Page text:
No entries at this time.
|Labor Certification (PR)||A step in the Permanent Residency application process, used only when position is
full time, tenure track and includes teaching duties.
The initial stage of the process by which certain foreign workers get permission to work in the U.S. The employer is responsible for getting the labor certification from the Department of Labor. In general the process works to make sure that the work of foreign workers in the U.S. will not adversely affect job opportunities, wages and working conditions of U.S. workers.
|Lawful Permanent Resident (LPR)||A person who has immigrated legally but is not an American citizen. This person has been admitted to the U.S. as an immigrant and has a Permanent Resident Card, Form I-551 also known as green card. It is a wallet-sized card showing that the person is a lawful permanent resident (immigrant) in the U.S. This person is also called a legal permanent resident, a green card holder, a permanent resident alien, a legal permanent resident alien (LPRA) and a resident alien permit holder.|
|Lose Status||To stay in the U.S. longer than the period of time which the Department of Homeland Security gave to a person when he/she entered the U.S., or to fail to meet the requirements or violate the terms of the visa classification. The person becomes “out of status.”|
|Maintain status||To follow the requirements of the visa status and comply with any limitations on duration of stay.|
|Nonimmigrant||An individual who seeks to be admitted to the U.S. for a limited period of time and with a purpose that is temporary in nature|
|Nonimmigrant intent||The U.S. Consulate presumes that all applicants for visas intend to immigrate to the U.S.; the applicant must prove otherwise (show ties to their home country) to be eligible for a nonimmigrant visa|
|Non-resident alien||Another term for nonimmigrant|
|O-1||Workers of Extraordinary Ability|
|Out of status||A U.S. visa allows the bearer to apply for entry to the U.S. in a certain classification, for a specific purpose. For example, student (F), visitor (B), temporary worker (H). Every visa is issued for a particular purpose and for a specific class of visitor. Each visa classification has a set of requirements that the visa holder must follow and maintain; those who do not follow the requirements violate their status and are considered “out of status.”|
|Overstay||An “Overstay” occurs when a visitor stays longer than permitted as shown on his/her I-94 (Arrival/Departure) card. A violation of the CBP (Customs and Border Protection) defined length of admission may make you ineligible for a visa in the future.|
|Passport||An official government-issued document authorizing travel to foreign countries and authenticating the bearer’s identity, citizenship and right to re-enter his/her native country.|
|Permanent Resident||An alien who may lawfully reside in the U.S. after having a petition for permanent residency approved|
|Port of Entry||The place where a person requests admission to the U.S. by the CBP officer, such as an airport or border crossing.|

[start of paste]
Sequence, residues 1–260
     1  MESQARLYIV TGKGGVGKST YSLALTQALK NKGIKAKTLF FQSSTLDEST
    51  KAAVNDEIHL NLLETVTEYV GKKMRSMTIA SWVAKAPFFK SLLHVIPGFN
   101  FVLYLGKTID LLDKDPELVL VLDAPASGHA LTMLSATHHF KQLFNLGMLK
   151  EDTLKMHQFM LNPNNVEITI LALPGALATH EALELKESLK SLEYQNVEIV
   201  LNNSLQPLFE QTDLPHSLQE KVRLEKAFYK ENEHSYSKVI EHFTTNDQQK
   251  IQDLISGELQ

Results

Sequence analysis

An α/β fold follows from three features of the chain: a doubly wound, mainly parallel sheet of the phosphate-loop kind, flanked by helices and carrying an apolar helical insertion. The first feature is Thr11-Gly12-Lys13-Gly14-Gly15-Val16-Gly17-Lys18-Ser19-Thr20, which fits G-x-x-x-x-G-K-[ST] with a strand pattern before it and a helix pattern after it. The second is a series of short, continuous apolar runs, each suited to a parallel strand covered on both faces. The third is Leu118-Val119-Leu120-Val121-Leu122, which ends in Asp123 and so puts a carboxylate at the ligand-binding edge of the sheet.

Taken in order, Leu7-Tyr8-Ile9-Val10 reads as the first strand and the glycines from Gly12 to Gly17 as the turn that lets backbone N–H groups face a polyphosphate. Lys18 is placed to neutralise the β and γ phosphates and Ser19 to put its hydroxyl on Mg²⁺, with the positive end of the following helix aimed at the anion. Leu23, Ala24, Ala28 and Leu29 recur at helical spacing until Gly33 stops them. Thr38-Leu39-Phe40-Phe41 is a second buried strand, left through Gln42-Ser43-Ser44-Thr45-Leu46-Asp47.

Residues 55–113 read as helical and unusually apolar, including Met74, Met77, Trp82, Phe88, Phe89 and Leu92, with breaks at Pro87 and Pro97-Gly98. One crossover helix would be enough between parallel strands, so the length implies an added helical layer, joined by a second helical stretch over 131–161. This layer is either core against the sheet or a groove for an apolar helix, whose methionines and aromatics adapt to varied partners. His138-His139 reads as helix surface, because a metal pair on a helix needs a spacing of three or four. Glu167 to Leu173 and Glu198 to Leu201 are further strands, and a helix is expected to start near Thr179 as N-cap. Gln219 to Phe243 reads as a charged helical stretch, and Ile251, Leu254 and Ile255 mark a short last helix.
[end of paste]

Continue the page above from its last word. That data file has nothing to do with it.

|Post||American consulate, embassy or other diplomatic mission abroad. Note that some American consulates, embassies and missions do not issue visas.|
|Prevailing Wage||A salary that meets the average salary of similarly employed workers|
No entries at this time.
|Required Wage||H-1B employer must agree to pay an H-1B employee the required wage rate, the higher of the actual wage and the prevailing wage|
|Security Clearance||Part of visa application process at the U.S. Consulate|
|SEVIS||Student and Exchange Visitor Information System. SEVIS is an Internet-based system
by which international students, exchange scholars and their dependents are monitored
while in the U.S.
SEVIS enables schools and program sponsors to transmit electronic information to the Department of Homeland Security (DHS) and the Department of State (DOS) throughout a student’s or exchange visitor’s program in the U.S.
SEVIS access is also available to U.S. consulates and embassies
|SEVP||Student and Exchange Visitor Program. SEVP is the federal agency that administers the SEVIS program.|
|Spouse||Legally married husband or wife. A co-habiting partner does not qualify as a spouse for immigration purposes. A common-law husband or wife may or may not qualify as a spouse for immigration purposes, depending on the laws of the country where the relationship occurs.|
|Status||A nonimmigrant alien must be in a nonimmigrant status while they are in the U.S.|
|Status expiration date||This date appears on the I-94 card.|
|TN||TN Professionals under the North American Free-Trade Agreement (NAFTA)
Only available for citizens of Canada and Mexico
|Two Year Home Residency requirement / 212(e)||The two-year home country physical presence requirement is one of the most important requirements of exchange visitor status.|
|U.S. Consulate||Consular Affairs is responsible for interviewing and issuing visas to all persons applying for entry into the U.S. The U.S. Consulate is governed by the Department of State (DOS)|
|USCIS||U.S. Citizenship and Immigration Services. Formally INS – Immigration and Naturalization
U.S.C.I.S. is the government agency that oversees lawful immigration to the U.S.
|Visa||A visa stamp issued by the U.S. Consulate allows the holder to seek entry into the
U.S. in a particular nonimmigrant visa category (i.e. F-1 or J-1)
Not to be confused with status. Cannot be used for work authorization
|Visa Expiration Date||The visa expiration date is shown on the visa. This means the visa is valid, or can be used, from the date it is issued until the date it expires. The Expiration Date for the visa should not be confused with the authorized length of your stay in the U.S., given to you by the U.S. immigration inspector at port-of-entry, on the I-94 card (Arrival-Departure Record). The visa expiration date has nothing to do with the authorized length of your stay in the U.S. for any given visit.|
|Visa Validity||This generally means the visa is valid, or can be used from the date it is issued until the date it expires.|
|Visa Waiver Program||Citizens of participating countries meeting the Visa Waiver Program requirements may be allowed to enter the U.S. as visitors for pleasure or business without first getting a visa. Visitors can stay only 90 days and cannot extend their stay.|
|Waiver of 212(e)||J-1 Exchange Visitors may apply for a waiver, but should realize that important restrictions will apply to their programs|
|WB||Visitors for business entering the U.S. using the Visa Waiver Program|
|WT||Visitors for pleasure entering the U.S. using the Visa Waiver Program|